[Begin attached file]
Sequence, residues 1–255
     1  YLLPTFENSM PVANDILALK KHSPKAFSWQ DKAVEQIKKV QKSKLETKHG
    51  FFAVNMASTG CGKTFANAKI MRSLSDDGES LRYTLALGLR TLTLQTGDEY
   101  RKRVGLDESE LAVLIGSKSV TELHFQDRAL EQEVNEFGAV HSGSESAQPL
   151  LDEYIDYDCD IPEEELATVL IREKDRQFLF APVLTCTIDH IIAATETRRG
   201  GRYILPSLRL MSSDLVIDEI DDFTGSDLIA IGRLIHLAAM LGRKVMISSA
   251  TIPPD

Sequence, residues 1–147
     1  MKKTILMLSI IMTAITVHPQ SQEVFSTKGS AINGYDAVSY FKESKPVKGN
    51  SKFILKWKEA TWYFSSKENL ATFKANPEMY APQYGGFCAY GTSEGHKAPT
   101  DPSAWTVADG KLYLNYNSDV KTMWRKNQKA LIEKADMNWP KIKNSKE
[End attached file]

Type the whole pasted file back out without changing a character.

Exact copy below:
Sequence, residues 1–255
     1  YLLPTFENSM PVANDILALK KHSPKAFSWQ DKAVEQIKKV QKSKLETKHG
    51  FFAVNMASTG CGKTFANAKI MRSLSDDGES LRYTLALGLR TLTLQTGDEY
   101  RKRVGLDESE LAVLIGSKSV TELHFQDRAL EQEVNEFGAV HSGSESAQPL
   151  LDEYIDYDCD IPEEELATVL IREKDRQFLF APVLTCTIDH IIAATETRRG
   201  GRYILPSLRL MSSDLVIDEI DDFTGSDLIA IGRLIHLAAM LGRKVMISSA
   251  TIPPD

Sequence, residues 1–147
     1  MKKTILMLSI IMTAITVHPQ SQEVFSTKGS AINGYDAVSY FKESKPVKGN
    51  SKFILKWKEA TWYFSSKENL ATFKANPEMY APQYGGFCAY GTSEGHKAPT
   101  DPSAWTVADG KLYLNYNSDV KTMWRKNQKA LIEKADMNWP KIKNSKE